In addition to permitting a new wave of PPP assistance, the massive COVID-19 relief bill approved Sunday allots more money to the popular Economic Injury Disaster Loan advance program.
Congress passed House Resolution 133 on Dec. 21, and Republican President Donald Trump signed it on Sunday after initially threatening to veto the coronavirus support measure.
“I am signing this bill to restore unemployment benefits, stop evictions, provide rental assistance, add money for PPP, return our airline workers back to work, add substantially more money for vaccine distribution, and much more,” Trump said in a statement Sunday that protested the lack of $2,000 checks for Americans and what he called “wasteful items” within the measure.
He said he would request Congress make cuts, but unlike a veto, this rescission attempt has no official power and is merely a suggestion, according to the Association Press. At this point, H.R. 133 stands on the books as law.
This means auto body shops who found themselves down 25 percent in a quarter this year and have no more than 300 employees will be able to apply for more PPP assistance.
It also means certain shops applying for coronavirus-related Economic Injury Disaster Loans have a new opportunity to seek an advance on the debt — and keep the money regardless of whether the loan is approved. Applicants can request up to $10,000 of what’s essentially free money.
The 3.75 percent, potentially 30-year EIDL loans themselves were deferrable for a year.
They can be used for “(w)orking capital & normal operating expenses,” according to the SBA.
Though COVID-19 EIDL loans continue to be available, the EIDL advance program ran out of money in July, with all $20 billion ultimately disbursed to more than 5.8 million American businesses as of July 14.
Congress appropriated another $20 billion Dec. 21 to restock the initiative through Dec. 31, though $20 million of that is earmarked for the Inspector General “to prevent waste, fraud, and abuse with respect to funding made available under that section.”
The process won’t be as rushed or as open as the previous EIDL advance program, which gave the SBA just three days to approve the $10,000 advances if a borrower self-certified eligibility.
The new HR 133 allocates the new $19.98 billion worth of EIDL advances for companies within low-income communities who saw a 30 percent reduction in business during any eight-week period between March 2 and Dec. 31. The businesses cannot have more than 300 employees.
Low-income community is defined in 26 USC 45D(e) as a population census tract where “the poverty rate for such tract is at least 20 percent” or:
(i) in the case of a tract not located within a metropolitan area, the median family income for such tract does not exceed 80 percent of statewide median family income, or
(ii) in the case of a tract located within a metropolitan area, the median family income for such tract does not exceed 80 percent of the greater of statewide median family income or the metropolitan area median family income.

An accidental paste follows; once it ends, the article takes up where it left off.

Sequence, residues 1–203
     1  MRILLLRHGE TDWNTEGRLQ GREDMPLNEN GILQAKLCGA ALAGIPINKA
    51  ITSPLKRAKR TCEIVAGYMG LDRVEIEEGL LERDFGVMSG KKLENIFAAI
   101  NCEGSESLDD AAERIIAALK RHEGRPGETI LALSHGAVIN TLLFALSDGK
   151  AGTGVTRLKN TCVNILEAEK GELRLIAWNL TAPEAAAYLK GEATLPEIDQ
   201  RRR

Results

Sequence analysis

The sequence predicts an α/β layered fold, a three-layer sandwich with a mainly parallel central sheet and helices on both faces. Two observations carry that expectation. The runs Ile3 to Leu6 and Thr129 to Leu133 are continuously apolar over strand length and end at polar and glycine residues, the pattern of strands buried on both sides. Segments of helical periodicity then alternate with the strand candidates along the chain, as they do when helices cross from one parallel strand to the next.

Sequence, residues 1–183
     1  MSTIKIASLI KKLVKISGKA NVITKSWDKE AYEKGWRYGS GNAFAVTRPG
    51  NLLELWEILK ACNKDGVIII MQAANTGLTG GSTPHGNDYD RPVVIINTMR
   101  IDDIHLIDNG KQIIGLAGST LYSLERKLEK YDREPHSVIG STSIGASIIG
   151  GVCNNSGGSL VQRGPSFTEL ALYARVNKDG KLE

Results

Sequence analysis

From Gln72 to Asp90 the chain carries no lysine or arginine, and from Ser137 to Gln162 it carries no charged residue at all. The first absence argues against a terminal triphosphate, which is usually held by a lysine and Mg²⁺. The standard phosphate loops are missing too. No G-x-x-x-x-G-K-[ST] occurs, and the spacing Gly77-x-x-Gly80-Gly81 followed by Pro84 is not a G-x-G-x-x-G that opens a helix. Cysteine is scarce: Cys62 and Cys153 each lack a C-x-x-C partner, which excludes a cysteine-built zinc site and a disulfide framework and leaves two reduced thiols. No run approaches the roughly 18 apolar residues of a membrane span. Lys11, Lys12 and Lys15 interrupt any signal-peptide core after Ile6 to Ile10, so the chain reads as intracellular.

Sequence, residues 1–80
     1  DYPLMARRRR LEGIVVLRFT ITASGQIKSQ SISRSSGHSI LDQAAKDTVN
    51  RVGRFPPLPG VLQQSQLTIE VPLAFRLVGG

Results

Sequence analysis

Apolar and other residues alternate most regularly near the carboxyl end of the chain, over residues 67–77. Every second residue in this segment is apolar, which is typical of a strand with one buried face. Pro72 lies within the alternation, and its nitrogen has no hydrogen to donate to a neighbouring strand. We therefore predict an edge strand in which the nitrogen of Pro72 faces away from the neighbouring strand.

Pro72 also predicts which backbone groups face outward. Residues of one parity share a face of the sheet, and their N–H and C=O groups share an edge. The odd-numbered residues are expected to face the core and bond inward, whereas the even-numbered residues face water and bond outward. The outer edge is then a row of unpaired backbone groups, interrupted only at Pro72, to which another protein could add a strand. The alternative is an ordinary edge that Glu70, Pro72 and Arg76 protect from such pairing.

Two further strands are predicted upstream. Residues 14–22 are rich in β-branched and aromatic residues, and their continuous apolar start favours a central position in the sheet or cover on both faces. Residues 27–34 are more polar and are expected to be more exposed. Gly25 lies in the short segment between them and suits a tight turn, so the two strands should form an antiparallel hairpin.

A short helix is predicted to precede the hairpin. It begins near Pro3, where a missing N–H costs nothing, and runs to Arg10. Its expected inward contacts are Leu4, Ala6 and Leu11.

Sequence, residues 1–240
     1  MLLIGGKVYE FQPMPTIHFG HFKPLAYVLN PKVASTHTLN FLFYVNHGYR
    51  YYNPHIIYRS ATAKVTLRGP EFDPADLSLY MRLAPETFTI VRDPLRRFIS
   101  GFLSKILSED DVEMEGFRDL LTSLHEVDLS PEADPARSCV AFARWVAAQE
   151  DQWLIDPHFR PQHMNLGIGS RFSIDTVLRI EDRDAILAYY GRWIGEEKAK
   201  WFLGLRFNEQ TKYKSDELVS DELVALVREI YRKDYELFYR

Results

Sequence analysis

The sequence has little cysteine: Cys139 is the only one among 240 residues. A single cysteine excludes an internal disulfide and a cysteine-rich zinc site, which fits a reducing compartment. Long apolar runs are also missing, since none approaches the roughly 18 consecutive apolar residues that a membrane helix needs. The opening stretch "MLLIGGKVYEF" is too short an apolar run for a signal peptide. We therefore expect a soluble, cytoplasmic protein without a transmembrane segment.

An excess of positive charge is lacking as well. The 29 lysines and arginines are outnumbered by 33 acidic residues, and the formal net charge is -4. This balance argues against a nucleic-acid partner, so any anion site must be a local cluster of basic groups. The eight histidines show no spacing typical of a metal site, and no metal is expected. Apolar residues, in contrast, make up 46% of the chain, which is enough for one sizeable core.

Eligible low-income community businesses who collected less than the max $10,000 advance the first time can claim the difference now. Any eligible businesses who applied for an EIDL but were denied an advance because the program had been out of money can apply for the full $10,000.
Under the spring CARES Act, SBA could approve EIDL loan applicants based on credit score alone “and shall not require an applicant to submit a tax return or a tax return transcript for such approval.”
The new HR 133 deleted this restriction on requesting a tax return, potentially beefing up the oversight for the loans.
It also specified that the SBA could use Treasury Department information to verify the applicant’s eligibility or “the information contained in an application for such a loan is accurate.”
Rather than have just three days to disseminate the money, the SBA will have three weeks to vet the advance applicant.
(B) TIMING.—With respect to each request submitted to the Administrator under subparagraph (A), the Administrator shall, not later than 21 days after the date on which the Administrator receives the request—
(i) verify whether the entity is an entity that is eligible for a loan made under section 7(b)(2) of the Small Business Act (15 U.S.C. 636(b)(2)) during the covered period, as described in subsection (b);
(ii) if the Administrator, under clause (i), verifies that the entity submitting the request is an entity that is eligible, as described in that clause, provide the advance requested by the entity; and
(iii) with respect to an entity that the Administrator determines is not entitled to receive an advance under this subsection, provide the entity with a notification explaining why the Administrator reached that determination.
Congress also retroactively repealed a requirement for Paycheck Protection Program forgiveness to be reduced by the amount of the EIDL advances.
“It is the sense of Congress that borrowers of loans made under section 7(b)(2) of the Small Business Act (15 U.S.C. 636(b)(2)) in response to COVID–19 during the covered period should be made whole, without regard to whether those borrowers are eligible for forgiveness with respect to those loans,” HR 133 states.
Anyone who already had a PPP loan forgiven and so deducted must be repaid the difference, according to the new law.
The new law also makes it clear to the IRS that any expenses purchased with EIDL advances are deductible, even though the business who got the grant effectively received free money.
Featured image: Republican President Donald Trump signs House Resolution 133, which contains a new round of COVID-19 relief for businesses. trillion for coronavirus stimulus and government funding. (Shealah Craighead/White House)